Why it matters: Wildlife causes more than $12.8 billion in damage each year to natural resources, public infrastructure, private property, and agriculture. For example, the damage to livestock, aquaculture, and other agricultural products has been estimated to reach nearly $1 billion annually. As such, WS works to prevent, minimize, and manage the damage on crops, livestock, aquaculture, and other efforts to protect human health and safety.
Given increasing human-wildlife conflicts, supporting USDA’s Wildlife Services is critical to maintaining a balance of safe and healthy wildlife in the areas that humans live, work, and recreate. In FY20 alone, WS conducted nearly 80,000 technical assistance projects to reduce wildlife damage to property in urban, suburban, and rural locations across the country, which include homes, schools, industrial facilities, roads, bridges, airports and airport runways, dams, and electrical and water systems.
In addition to addressing human-conflict, Wildlife Services also helps conserve game species such as mule deer, bighorn sheep, antelope, and waterfowl species through predator and invasive species control. Additionally, WS also helps conserve non-game species as part of the broad mission. For example, WS has helped conserve 269 threatened and endangered species in 46 states.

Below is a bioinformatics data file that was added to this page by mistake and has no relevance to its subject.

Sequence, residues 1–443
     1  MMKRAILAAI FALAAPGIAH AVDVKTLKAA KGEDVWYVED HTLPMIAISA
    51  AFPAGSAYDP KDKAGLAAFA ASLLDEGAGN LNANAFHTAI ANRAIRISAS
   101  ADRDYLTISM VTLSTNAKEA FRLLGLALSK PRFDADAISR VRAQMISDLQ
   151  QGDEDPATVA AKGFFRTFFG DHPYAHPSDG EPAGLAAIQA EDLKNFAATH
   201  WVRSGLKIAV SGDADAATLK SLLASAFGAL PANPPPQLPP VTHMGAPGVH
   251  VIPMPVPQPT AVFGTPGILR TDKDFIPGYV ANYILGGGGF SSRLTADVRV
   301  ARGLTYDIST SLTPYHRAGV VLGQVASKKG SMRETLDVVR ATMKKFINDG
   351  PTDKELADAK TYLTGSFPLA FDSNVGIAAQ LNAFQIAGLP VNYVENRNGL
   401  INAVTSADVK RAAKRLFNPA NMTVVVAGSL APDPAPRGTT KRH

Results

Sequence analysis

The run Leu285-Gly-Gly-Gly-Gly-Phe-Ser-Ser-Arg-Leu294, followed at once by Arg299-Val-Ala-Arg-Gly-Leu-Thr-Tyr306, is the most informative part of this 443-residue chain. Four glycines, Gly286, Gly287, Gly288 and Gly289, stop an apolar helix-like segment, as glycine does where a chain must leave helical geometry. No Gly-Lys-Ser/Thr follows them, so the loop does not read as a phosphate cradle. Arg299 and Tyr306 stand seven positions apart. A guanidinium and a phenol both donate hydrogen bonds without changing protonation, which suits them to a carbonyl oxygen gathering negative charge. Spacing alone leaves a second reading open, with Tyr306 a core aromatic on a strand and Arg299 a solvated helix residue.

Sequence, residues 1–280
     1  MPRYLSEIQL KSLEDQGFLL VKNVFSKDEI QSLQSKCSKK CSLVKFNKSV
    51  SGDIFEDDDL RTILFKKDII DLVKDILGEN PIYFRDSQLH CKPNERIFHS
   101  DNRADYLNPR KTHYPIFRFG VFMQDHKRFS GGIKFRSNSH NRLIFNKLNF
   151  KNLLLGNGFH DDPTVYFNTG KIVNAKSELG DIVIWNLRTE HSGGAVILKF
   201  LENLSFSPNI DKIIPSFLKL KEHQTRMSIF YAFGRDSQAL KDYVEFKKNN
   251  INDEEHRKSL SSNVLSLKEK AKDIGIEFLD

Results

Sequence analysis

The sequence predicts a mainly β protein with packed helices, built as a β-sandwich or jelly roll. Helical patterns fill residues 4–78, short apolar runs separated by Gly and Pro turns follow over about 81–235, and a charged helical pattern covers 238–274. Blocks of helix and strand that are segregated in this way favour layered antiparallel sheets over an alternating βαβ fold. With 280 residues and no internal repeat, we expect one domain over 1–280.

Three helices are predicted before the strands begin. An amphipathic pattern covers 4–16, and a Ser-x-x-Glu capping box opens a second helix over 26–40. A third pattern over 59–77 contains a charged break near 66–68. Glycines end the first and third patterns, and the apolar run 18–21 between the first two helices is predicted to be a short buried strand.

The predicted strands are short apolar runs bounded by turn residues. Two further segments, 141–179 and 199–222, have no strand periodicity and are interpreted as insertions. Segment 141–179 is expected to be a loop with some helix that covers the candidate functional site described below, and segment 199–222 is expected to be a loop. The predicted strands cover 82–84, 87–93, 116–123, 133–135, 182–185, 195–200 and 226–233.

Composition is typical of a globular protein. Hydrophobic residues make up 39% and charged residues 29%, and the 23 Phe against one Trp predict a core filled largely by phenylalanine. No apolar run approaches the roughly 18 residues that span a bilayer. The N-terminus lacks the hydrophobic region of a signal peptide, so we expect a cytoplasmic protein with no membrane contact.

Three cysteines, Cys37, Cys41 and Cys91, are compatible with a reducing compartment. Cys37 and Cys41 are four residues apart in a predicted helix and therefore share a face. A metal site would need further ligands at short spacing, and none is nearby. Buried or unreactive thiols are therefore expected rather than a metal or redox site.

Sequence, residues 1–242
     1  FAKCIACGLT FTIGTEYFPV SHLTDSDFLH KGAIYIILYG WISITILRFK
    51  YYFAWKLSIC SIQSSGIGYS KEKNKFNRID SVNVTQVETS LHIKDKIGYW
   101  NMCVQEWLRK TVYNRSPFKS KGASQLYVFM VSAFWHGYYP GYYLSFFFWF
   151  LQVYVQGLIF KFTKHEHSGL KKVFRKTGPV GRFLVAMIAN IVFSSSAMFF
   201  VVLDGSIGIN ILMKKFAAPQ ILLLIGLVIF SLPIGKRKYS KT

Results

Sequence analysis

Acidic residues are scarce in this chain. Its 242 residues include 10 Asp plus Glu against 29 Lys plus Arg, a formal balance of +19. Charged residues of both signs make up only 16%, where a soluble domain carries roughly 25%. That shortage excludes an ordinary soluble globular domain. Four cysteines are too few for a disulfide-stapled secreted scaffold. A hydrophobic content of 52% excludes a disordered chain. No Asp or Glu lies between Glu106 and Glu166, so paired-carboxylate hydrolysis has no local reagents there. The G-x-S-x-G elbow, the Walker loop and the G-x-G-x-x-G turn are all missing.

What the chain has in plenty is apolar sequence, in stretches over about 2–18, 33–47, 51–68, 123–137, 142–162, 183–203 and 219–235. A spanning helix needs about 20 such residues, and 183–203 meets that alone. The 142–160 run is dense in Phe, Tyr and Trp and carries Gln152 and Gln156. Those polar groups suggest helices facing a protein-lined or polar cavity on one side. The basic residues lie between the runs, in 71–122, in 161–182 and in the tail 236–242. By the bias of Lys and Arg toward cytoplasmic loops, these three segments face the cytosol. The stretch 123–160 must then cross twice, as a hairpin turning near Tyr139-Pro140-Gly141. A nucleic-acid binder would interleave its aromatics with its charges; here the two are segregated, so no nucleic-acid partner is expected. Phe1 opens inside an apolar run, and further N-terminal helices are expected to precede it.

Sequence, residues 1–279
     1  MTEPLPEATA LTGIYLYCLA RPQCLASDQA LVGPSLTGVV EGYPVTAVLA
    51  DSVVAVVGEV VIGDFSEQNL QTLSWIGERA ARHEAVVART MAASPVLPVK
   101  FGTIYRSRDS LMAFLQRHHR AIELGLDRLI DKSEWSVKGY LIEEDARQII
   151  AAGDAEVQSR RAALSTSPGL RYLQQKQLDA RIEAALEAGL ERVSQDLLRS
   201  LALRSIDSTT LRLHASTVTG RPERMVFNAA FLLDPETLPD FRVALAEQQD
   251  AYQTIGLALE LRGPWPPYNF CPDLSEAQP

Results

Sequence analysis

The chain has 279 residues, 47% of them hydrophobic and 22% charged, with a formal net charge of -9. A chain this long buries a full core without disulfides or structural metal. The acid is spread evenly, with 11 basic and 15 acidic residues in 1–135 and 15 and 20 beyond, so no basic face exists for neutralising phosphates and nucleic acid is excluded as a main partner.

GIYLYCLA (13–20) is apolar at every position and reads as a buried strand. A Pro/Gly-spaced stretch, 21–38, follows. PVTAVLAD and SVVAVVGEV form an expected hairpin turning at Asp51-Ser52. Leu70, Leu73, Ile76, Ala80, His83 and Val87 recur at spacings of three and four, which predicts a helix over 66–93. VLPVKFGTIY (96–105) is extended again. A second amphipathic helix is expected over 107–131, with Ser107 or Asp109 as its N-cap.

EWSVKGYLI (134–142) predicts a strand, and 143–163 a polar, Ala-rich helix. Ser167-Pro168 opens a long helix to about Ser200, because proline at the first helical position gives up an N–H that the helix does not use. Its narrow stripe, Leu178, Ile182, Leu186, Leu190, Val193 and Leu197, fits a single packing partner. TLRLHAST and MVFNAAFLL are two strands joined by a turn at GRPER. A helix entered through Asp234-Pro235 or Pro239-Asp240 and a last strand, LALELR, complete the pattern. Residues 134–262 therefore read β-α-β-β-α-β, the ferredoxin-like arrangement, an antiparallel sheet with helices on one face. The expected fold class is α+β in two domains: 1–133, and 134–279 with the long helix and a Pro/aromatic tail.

CSF continues to strongly support the USDA Wildlife Services and the necessary appropriations to ensure the continuation of this important program to manage human-wildlife conflicts.
Studies conducted at both the state and federal level have found that the number of hunters and trappers have been on a generally declining trend over the past several decades. To increase recruitment, retention, and reactivation (R3) of hunters and trappers, which initiative do you think would have the greatest impact?